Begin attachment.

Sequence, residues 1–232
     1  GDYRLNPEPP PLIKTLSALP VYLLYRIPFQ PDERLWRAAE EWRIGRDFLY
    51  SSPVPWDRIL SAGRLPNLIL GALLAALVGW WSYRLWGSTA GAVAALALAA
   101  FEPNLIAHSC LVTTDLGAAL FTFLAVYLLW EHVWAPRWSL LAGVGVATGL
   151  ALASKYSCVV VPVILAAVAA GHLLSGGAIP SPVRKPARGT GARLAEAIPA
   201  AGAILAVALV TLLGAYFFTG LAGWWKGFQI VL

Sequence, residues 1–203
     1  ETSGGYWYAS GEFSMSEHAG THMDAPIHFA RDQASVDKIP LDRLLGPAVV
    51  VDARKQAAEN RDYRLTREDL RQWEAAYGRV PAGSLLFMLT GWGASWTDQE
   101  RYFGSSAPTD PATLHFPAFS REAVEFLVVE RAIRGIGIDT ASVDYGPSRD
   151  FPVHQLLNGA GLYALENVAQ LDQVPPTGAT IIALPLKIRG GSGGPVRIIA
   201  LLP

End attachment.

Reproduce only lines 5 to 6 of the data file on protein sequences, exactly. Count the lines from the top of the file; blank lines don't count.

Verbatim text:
   151  ALASKYSCVV VPVILAAVAA GHLLSGGAIP SPVRKPARGT GARLAEAIPA
   201  AGAILAVALV TLLGAYFFTG LAGWWKGFQI VL